Over the last few years doctors are increasingly relying on a test called hemoglobin A1c to screen for insulin resistance and diabetes. It's more practical (and significantly cheaper) than post-meal glucose testing, and it's less likely to be skewed by day-to-day changes than fasting blood glucose. While this sounds good in theory, the reality is not so black and white. The main problem is that there is actually a wide variation in how long red blood cells survive in different people.
What is hemoglobin A1c?
Sugar has a tendency to stick to stuff. Anyone that has cooked with sugar can tell you that. In our bodies, sugar also sticks – especially to proteins. The theory behind the A1c test is that our red blood cells live an average of three months, so if we measure the amount of sugar stuck to these cells (which is what the hemoglobin A1c test does), it will give us an idea of how much sugar has been in the blood over the previous three months. The number reported in the A1c test result (i.e. 5.2) indicates the percentage of hemoglobin that has become glycated (stuck to sugar).
Why is hemoglobin A1c unreliable?
While this sounds good in theory, the reality is not so black and white. The main problem is that there is actually a wide variation in how long red blood cells survive in different people. This study, for example, shows that red blood cells live longer than average at normal blood sugars. Researchers found that the lifetime of hemoglobin cells of diabetics turned over in as few as 81 days, while they lived as long as 146 days in non-diabetics.
This proves that the assumption that everyone’s red blood cells live for three months is false, and that hemoglobin A1c can’t be relied upon as a blood sugar marker. In a person with normal blood sugar, hemoglobin will be around for a lot longer, which means it will accumulate more sugar. This will drive up the A1c test result – but it doesn’t mean that person had too much sugar in their blood. It just means their hemoglobin lived longer and thus accumulated more sugar. The result is that people with normal blood sugar often test with unexpectedly high A1c levels.
This confused me early in my practice. I was testing blood sugar in three different ways for all new patients: fasting blood glucose, post-meal blood sugar (with a glucometer) and A1c. And I was surprised to see people with completely normal fasting and post-meal blood sugars, and A1c levels of >5.4%.
In fact this is not abnormal, when we understand that people with normal blood sugar often have longer-lived red blood cells – which gives those cells time to accumulate more sugar.
On the other hand, if someone is diabetic, their red blood cells live shorter lives than non-diabetics. This means diabetics and those with high blood sugar will test with falsely low A1c levels. And we already know that fasting blood glucose is the least sensitive marker for predicting future diabetes and heart disease. This is a serious problem, because fasting blood glucose and hemoglobin A1c are almost always the only tests doctors run to screen for diabetes and blood sugar issues.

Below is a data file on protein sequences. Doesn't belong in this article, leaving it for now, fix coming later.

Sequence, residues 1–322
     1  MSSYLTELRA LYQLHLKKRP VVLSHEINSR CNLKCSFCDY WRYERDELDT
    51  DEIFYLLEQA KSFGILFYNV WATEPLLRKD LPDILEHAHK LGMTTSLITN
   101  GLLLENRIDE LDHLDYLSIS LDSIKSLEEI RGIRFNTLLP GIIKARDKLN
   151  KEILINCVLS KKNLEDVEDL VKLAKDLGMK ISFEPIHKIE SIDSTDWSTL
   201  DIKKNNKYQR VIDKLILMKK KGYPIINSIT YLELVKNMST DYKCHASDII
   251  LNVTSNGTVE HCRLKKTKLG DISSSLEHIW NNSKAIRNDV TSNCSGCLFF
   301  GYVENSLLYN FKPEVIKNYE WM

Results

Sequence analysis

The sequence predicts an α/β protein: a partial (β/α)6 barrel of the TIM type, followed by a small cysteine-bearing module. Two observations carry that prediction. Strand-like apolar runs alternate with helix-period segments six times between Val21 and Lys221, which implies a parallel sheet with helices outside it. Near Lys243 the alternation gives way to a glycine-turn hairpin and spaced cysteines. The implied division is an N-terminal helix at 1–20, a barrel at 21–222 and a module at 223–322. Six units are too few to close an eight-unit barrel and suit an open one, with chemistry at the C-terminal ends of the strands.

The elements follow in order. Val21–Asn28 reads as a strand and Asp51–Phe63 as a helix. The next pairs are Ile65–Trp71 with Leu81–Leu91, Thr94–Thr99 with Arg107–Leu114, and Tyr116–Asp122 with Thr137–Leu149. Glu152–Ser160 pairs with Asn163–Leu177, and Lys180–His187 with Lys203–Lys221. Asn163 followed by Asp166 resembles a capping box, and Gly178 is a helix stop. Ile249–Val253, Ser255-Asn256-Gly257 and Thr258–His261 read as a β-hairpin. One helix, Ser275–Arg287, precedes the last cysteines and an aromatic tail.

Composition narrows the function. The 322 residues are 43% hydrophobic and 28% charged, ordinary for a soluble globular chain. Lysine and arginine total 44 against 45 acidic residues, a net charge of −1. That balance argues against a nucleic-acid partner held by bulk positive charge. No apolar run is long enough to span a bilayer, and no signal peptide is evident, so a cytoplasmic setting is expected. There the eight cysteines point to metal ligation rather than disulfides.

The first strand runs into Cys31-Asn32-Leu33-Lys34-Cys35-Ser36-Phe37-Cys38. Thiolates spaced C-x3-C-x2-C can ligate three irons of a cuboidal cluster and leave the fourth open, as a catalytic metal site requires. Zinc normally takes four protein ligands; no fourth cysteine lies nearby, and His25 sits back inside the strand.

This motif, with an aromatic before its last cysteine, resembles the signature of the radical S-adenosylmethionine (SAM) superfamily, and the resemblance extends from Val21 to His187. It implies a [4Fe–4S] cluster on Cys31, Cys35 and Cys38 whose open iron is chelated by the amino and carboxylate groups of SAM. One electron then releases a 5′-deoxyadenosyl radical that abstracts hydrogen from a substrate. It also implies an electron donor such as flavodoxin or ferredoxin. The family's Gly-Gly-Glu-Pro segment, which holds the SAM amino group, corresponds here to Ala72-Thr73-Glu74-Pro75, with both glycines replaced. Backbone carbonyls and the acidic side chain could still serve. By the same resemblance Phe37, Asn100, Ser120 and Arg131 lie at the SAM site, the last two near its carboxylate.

Another condition that affects hemoglobin A1c levels is anemia. People who are anemic have short-lived red blood cells, so like diabetics, they will test with falsely low A1c levels. In my practice, about 30-40% of my patients have some degree of anemia, so this is not an uncommon problem.
What blood sugar markers are reliable?
Testing accurately for blood sugar is like putting pieces of a puzzle together. Fasting blood glucose, A1c and post-meal blood sugar are all pieces of the puzzle. But post-meal blood glucose testing is by far the most reliable and accurate way to determine what’s happening with blood sugar, and the most sensitive way of predicting future diabetic complications and heart disease.
I’ve posted several articles on ChrisKresser.com on this subject. For more on why post-meal blood sugar is a superior marker, read When Your Normal Blood Sugar Isn’t Normal (Part 2). For my recommendations on how patients can measure their post-meal blood sugars at home, and what healthy targets should be, read How to Prevent Diabetes and Heart Disease for $16.
Another useful – but underused – blood sugar marker is fructosamine. Fructosamine is a compound that results from a reaction between fructose and ammonia or an amine. Like A1c, it’s a measure of average blood sugar concentrations. But instead of measuring the previous 12 weeks like A1c, fructosamine measures the previous 2-3 weeks. And unlike A1c, fructosamine is not affected by the varying length of red blood cell lifespans in different individuals. Fructosamine is especially useful in people who are anemic, or during pregnancy, when hormonal changes cause greater short-term fluctuations in blood glucose levels.
To put the most accurate picture together, I like to have all four: fasting blood glucose, A1c, post-meal glucose and fructosamine. But if I only had to choose one, it would definitely be post-meal glucose.